In 1883, George resigned his professorship of human anatomy, and took up the newly created professorship of surgery in the University.  In 1891 he was knighted.  In the same year Edith was still living at Grove Lodge, and the family had seven servants, a governess and a nurse (for whom is unclear!).

George died on 24 September 1896 aged 76, and was buried five days later in the parish area of St Bene’t in Mill Road Cemetery.  In his will, he left effects worth £80,199 0s 4d to his widow and his son Alfred.  Mary outlived him by nine years, continuing to reside at Grove Lodge.

See obituary in British Medical Journal

 Mary Lady Humphry (née McNab) (c.1825‒1905)

Mary McNab was born in around 1825, daughter of Daniel Robert McNab, surgeon and general practitioner of High Street, Epping, Essex, and his wife Mary.  She had at least two younger siblings: Jessie Oliver and Catherine.  The household had a substantial staff, including a governess, two maids and a manservant, to which by 1851 a stable boy had been added.

Alfred Paget Humphry's entry in Directory of Gentlemen (1905)
Alfred Paget Humphry’s entry in Directory of Gentlemen (1905)

Mary married George Murray Humphry (see above) in September 1849 in Epping.  By 1851 the couple were living a 6 Higher Terrace, Tormoham (=Torquay), Devon.  Mary had given birth to her first child, Alfred Paget, in 1850, and in August 1856 gave birth to a daughter, Catherine, by which time they were living in Corpus Buildings, Trumpington Street, Cambridge;  however, Catherine died six months later.  The third child, Edith (see below), was born in 1861, and would live with her parents until their deaths in 1896 and 1905.  By 1881 Mary’s household included her son and his wife Elizabeth (née Boycott), two grandsons, Martin George, Stewart, and a grand daughter less than one month old and as yet without first name.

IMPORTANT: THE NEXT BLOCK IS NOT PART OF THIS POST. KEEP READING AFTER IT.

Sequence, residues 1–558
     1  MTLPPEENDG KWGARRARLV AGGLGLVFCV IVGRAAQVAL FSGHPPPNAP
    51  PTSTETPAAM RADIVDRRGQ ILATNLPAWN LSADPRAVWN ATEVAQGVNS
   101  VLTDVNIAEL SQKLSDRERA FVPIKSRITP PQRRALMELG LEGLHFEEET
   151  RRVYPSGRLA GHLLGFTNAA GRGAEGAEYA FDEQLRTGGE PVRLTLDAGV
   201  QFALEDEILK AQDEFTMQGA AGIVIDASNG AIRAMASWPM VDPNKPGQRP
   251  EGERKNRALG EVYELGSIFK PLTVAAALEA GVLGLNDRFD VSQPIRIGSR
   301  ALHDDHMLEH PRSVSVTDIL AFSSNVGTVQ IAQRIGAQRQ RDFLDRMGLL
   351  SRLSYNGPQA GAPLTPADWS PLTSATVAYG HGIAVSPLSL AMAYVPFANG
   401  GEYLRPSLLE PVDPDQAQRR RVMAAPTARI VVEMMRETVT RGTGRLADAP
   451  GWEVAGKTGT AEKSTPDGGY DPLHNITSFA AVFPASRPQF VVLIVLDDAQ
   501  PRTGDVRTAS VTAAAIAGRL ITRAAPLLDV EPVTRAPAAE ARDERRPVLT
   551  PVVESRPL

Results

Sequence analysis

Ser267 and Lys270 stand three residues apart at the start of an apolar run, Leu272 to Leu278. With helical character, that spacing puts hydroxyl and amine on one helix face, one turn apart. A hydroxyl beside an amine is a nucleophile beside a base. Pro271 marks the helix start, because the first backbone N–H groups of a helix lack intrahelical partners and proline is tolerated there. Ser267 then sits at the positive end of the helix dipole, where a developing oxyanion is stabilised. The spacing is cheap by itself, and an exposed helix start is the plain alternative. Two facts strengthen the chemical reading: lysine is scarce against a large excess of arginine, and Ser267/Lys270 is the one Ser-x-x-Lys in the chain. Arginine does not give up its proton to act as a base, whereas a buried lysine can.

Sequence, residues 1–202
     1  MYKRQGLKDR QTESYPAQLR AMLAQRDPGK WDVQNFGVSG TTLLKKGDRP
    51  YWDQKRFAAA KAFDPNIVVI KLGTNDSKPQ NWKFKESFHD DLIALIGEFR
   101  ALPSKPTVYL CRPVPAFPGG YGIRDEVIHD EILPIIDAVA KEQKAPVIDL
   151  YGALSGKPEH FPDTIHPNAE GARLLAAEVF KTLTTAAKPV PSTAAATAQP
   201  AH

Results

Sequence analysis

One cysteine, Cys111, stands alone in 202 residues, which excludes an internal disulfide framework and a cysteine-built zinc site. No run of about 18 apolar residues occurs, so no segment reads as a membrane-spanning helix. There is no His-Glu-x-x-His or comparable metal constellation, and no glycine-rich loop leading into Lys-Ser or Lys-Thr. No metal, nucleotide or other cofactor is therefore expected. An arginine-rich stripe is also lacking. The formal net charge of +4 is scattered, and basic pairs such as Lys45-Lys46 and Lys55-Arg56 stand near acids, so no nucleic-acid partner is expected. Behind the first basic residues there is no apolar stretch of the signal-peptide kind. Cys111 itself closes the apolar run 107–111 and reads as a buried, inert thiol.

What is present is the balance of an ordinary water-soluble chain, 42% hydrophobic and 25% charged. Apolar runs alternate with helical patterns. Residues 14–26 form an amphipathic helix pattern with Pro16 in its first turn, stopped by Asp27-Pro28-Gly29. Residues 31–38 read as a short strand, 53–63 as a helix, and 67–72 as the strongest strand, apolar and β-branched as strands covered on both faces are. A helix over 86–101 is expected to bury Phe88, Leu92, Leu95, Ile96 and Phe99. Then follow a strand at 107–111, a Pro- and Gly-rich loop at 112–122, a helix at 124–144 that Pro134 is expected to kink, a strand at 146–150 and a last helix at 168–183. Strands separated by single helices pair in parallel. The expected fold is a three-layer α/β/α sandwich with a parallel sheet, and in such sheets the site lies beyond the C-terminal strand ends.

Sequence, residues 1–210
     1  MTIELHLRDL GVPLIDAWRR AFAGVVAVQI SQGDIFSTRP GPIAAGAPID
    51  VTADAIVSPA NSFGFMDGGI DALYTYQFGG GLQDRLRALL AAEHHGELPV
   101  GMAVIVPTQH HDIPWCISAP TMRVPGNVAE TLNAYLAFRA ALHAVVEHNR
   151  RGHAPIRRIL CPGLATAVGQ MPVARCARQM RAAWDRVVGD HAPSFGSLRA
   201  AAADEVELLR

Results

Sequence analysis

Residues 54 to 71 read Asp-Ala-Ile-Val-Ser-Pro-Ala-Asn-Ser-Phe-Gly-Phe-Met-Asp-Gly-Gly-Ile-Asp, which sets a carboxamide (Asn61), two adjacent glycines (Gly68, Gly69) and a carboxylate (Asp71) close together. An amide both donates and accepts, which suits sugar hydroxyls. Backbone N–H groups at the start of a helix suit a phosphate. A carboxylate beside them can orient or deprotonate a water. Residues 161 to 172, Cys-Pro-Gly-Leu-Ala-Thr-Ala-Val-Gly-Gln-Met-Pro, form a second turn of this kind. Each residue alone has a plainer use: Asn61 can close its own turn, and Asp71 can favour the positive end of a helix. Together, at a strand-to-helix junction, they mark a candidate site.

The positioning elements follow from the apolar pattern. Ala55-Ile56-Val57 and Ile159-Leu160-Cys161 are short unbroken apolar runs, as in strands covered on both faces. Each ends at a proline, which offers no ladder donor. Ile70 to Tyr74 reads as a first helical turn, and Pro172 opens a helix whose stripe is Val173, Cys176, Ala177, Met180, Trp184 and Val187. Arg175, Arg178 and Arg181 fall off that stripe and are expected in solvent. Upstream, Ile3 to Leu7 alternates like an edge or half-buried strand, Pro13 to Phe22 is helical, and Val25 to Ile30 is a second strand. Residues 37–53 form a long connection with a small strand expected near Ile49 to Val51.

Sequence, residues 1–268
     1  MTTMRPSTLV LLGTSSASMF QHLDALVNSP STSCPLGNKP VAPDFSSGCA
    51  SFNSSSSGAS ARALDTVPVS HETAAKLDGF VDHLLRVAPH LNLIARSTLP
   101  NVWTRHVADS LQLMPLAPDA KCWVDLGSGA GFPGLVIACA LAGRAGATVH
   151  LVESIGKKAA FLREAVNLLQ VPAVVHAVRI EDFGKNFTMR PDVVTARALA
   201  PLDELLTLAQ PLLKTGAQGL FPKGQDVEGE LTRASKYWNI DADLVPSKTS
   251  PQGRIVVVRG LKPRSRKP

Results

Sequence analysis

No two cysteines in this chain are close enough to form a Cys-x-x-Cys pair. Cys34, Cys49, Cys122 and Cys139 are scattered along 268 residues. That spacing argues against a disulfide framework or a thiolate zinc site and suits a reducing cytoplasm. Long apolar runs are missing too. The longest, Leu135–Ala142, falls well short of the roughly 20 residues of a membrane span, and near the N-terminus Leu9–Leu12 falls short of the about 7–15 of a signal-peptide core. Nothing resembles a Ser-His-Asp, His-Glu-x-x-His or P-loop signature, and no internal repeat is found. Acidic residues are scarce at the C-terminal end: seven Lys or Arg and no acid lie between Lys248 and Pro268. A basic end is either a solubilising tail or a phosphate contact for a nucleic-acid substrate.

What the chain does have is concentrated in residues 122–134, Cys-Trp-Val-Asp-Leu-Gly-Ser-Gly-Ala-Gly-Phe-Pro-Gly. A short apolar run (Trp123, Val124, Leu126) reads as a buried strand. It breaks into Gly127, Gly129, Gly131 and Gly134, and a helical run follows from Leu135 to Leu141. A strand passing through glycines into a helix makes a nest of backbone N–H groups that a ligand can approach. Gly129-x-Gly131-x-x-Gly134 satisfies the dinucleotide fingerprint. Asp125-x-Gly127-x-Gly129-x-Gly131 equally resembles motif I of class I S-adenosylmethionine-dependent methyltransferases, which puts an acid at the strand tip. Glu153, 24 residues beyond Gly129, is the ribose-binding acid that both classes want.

In 1896, George died.  Mary remained at Grove Lodge for the rest of her life.  In 1901 her household still included unmarried daughter Edith, her old Belgian governess, Maria Draps ‒ who had been with her at least thirty years ‒ a cook, parlour maid and housemaid.  She died in June 1905 aged 80, and was buried on the 19th of that month in the grave of her baby daughter and husband.

Edith Humphry (1861‒1927)

Edith was born on 13 April 1861, second daughter to George Murray Humphry and his wife Mary.  So far as can be told, she remained permanently in the family home on Trumpington Street, was of “no occupation”, and certainly never married.

After her mother’s death in 1905, Edith continued to live at Grove Lodge for at least six further years.  In 1911, her household there comprised four women: herself, her old Belgian governess Maria Draps (now called “visitor”), and two servants.  She died in 1927, aged 65, her address given as “Edale”, Clarence Road, St Alban’s, Hertfordshire ‒ it is not clear whether she had moved there, or was merely visiting.  Her body must have been brought back to Cambridge, for she was buried with her baby sister, father and mother on 8 July of that year.

England census reports 1841 to 1901, England & Wales census report 1911
Wikipedia (“George Murray Humphry”) [visited 16 December 2016]
England & Wales Christening Index 1530‒1980
England & Wales Civil Registration Marriage Index 1837‒1915
England & Wales National Probate Calendar (Index of Wills and Administrations) 1858‒1966, 1973‒1995
St Bene’t’s Church, Cambridge, baptismal and burial registers
United Kingdom Families
Private comunications from Mary Rose Rubie, great great granddaughter of George Murray Humphry

 By Ian Bent and Mary Naylor

Catharine Humphry; Edith Humphry; George Murray Humphry; Mary Humphry